After enduring weeks of withering headlines about the state of his presidency, President Joe Biden tried a new tactic on Wednesday: self-reflection.
In a nearly two hour press conference, Biden conceded he had made some misjudgments during his first year in office, acknowledged the public's frustrations with the ongoing pandemic, and resigned himself to scaling back his domestic agenda.
It wasn’t all contrition. The president framed the work he had done as historic in depth and nature. He defended some of the tougher calls he had made in office, including his withdrawal from Afghanistan. And he called out Republicans for opposing his major agenda items without offering alternatives.
But, in total, the event was notable for the contrasts it set to his prior months in office. Biden had held only one other solo press conference at the White House during his presidency. For this one, he spoke longer than his two immediate predecessors had done at any press conference of their own. Biden had not publicly conceded that his Build Back Better agenda would need a dramatic revamping. On Wednesday, he talked about rescuing chunks of it.
Most notably, Biden had been bullish about getting Republicans to support his agenda, insisting they’d have an epiphany in the post-Donald Trump era. In front of the White House press corp, he implied that his optimism had been misplaced.
“One thing I haven’t been able to do so far is get my Republican friends to get in the game of making things better in this country,” Biden acknowledged.
Wednesday’s press conference marked the one year anniversary of his entering the Oval Office. And, for the occasion, Biden tried to explain his legislative strategy and decisions to combat the mutating coronavirus, while recognizing voters’ criticisms and frustrations. In taking questions for an hour and 51 minutes, Biden also sought to implicitly demonstrate stamina and fight the caricature of himself propagated by right-wing media. His aides seemed to delight in the coverage of how long the press conference went.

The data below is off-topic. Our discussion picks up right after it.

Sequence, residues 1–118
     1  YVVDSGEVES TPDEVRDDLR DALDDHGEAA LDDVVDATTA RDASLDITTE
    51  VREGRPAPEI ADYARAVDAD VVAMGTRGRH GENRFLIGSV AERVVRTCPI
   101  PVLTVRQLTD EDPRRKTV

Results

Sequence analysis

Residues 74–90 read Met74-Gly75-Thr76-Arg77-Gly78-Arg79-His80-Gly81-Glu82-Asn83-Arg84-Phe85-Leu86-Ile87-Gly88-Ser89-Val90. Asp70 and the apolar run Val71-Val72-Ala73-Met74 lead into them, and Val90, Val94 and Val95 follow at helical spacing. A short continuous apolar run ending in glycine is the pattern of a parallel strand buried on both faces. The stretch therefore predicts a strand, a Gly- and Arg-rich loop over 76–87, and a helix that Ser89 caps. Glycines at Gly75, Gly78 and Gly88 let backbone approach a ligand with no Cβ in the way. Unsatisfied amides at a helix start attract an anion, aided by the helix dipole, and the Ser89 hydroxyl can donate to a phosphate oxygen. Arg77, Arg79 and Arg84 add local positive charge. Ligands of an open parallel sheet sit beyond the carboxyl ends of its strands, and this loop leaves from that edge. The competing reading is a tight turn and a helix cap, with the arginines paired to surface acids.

Asked right off the bat if his administration had over promised what it could accomplish to Americans, the president responded, “I didn’t overpromise. I have probably outperformed what anybody thought would happen...and I’m going to stay on this track.”
With persistently low approval ratings, Biden acknowledged both tactical and operational missteps. He said that he needs to get out of Washington, D.C. more to meet frustrated voters where they live and on their issues. He also conceded that there should have been more coronavirus tests available earlier during the current Omicron wave. But Biden also touted the work he and his team had done on the pandemic — from passing a massive relief package to standing up a comprehensive vaccine program. And, on his social spending agenda, he said it remains “realistic” that components will pass, chiefly the more than $500 billion to combat climate change and funds for early education.
“I think we can break the package up, get as much as we can now, come back and fight for the rest later,” Biden said. But he also admitted that there are some pieces he thinks Democrats will have to wait on.
“There’s two really big components that I feel strongly about that I’m not sure I can get in the package,” Biden said. “One is the child care tax credit and the other is help for the cost of community colleges.”